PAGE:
First they came for the smokers…
The war on smoking has set the template for state meddling in our lives.
Over the past 40 years, smoking policy has shifted from public information about health risks to providing no-smoking zones to direct coercion to prevent people from smoking.
In this sequence, public health has shifted from a position of accepting people’s right to personal choice – ie, to smoke or not to smoke, so long as you do not harm others – to an almost complete obliteration of this right in policy documents (the only question remaining is whether a measure can be successfully enforced or not).
In the 1970s, government was mainly concerned that the public should be adequately informed of the risks to their health. It introduced health warnings on cigarette packets, as well as restrictions on tobacco advertising, attempting to rein in the power and seduction of publicity that for decades had claimed that smoking was beneficial for health.
In the 1980s and 1990s there were no-smoking areas on public transport and in restaurants, and no-smoking days to encourage smokers to quit. Yet, tellingly, these initiatives respected the principle of choice. No-smoking areas were introduced to provide a choice for the non-smokers who were by now becoming a majority. No-smoking days were targeted at smokers ‘who wanted to quit’, not those who did not.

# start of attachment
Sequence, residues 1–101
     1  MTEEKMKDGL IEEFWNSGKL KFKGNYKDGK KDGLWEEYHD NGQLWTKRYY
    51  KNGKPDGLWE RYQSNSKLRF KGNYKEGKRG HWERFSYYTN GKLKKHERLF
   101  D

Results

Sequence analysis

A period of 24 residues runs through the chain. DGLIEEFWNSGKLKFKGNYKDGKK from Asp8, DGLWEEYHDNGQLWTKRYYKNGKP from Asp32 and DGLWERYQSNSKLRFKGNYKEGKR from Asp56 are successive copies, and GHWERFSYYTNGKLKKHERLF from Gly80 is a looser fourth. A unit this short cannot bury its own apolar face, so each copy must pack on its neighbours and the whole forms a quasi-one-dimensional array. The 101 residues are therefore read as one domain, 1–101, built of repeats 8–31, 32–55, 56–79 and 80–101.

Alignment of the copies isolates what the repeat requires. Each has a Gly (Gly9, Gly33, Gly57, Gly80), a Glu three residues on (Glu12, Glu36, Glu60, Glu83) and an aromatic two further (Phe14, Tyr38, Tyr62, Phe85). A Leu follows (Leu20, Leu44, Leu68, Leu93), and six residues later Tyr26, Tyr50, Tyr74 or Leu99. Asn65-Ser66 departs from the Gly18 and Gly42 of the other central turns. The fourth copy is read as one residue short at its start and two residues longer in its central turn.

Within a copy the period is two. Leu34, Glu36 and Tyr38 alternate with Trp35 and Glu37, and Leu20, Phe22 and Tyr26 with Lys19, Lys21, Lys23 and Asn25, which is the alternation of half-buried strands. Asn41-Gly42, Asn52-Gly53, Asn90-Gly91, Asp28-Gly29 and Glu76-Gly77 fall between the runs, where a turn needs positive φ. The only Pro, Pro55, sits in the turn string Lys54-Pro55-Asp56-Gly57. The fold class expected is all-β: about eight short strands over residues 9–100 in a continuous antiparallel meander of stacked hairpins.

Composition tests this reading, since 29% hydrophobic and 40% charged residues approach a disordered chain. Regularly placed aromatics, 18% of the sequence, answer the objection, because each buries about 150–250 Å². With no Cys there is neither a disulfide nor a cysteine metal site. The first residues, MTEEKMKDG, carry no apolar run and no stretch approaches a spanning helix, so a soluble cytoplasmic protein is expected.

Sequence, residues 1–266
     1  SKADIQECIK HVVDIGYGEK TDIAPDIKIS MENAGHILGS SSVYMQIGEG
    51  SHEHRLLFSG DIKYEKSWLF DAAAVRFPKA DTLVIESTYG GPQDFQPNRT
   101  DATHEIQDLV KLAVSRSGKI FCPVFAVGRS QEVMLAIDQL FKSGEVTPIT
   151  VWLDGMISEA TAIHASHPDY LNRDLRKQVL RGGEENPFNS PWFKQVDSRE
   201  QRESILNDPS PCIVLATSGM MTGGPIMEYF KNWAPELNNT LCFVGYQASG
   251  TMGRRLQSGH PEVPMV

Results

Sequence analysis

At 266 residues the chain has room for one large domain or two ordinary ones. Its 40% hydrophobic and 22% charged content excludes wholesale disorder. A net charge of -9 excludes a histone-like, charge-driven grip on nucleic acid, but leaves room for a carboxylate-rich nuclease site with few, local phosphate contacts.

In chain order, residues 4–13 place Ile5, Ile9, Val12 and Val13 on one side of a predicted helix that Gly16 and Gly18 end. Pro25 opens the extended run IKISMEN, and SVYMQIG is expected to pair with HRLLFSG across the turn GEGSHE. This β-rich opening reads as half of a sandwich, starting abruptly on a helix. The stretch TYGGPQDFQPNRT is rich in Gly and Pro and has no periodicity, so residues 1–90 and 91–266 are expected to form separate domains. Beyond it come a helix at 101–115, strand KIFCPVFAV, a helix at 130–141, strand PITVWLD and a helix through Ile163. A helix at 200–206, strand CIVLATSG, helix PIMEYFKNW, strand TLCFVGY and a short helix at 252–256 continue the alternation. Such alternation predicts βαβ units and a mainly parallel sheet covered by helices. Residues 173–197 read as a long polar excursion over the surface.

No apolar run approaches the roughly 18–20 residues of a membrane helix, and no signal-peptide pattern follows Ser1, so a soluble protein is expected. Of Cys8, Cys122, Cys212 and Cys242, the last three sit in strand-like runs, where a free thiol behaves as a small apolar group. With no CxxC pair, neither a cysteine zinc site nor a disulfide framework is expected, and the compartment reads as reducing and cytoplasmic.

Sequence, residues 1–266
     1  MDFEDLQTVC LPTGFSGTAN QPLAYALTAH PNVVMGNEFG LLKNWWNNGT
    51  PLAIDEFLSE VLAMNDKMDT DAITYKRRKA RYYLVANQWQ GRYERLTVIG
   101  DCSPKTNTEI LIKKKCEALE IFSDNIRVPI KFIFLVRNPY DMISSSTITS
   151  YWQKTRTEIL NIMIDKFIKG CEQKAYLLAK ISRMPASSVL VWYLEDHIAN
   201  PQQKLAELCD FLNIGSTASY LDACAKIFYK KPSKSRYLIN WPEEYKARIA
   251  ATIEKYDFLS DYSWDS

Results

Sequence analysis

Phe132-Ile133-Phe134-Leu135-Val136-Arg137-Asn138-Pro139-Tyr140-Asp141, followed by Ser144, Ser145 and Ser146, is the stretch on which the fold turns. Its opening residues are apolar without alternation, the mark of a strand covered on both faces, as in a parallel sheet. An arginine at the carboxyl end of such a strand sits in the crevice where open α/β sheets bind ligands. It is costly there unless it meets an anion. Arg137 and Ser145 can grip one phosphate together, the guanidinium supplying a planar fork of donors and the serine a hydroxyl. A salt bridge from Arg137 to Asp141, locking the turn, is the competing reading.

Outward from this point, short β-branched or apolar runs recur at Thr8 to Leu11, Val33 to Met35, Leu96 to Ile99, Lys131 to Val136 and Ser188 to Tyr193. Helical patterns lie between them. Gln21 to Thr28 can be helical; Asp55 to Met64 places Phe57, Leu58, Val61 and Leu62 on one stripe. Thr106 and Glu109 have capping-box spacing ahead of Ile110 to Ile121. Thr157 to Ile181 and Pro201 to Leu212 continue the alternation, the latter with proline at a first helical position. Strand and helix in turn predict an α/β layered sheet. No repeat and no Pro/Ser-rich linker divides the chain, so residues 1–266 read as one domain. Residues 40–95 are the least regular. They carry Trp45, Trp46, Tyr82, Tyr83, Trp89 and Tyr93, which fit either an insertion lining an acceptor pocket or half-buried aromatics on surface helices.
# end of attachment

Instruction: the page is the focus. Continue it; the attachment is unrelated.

In the 2000s, the banning of smoking in enclosed public places, including bars and pubs, was justified on the basis of harm caused by passive smoking to workers in these spaces. Critics have complained that the evidence for passive-smoking risks are weak. They are right, but what is significant is that the policy had to be justified in these terms. The principle of personal autonomy was sufficiently respected that smoking bans had to invoke a nominal harm caused to others. The ‘harm principle’ – most famously associated with John Stuart Mill’s On Liberty – retained some validity:
‘That the only purpose for which power can be rightfully exercised over any member of a civilised community, against his will, is to prevent harm to others. His own good, either physical or moral, is not a sufficient warrant.’
The crucial shift occurred in the past 10 years, when health policy moved into a position of direct coercion, preventing a person from smoking for his or her ‘own good’. People are now forced to give up smoking if they are in a mental-health unit or a prison, or if they are in hospital and unable to leave the hospital site. Some employees – for example, of health services – are prevented from smoking for the duration of the working day or while travelling to or from work. These restrictions are imposed for a person’s ‘own good’: the ban is presented as an act of charity, to improve their health and enable them to live longer (and happier / wealthier) lives.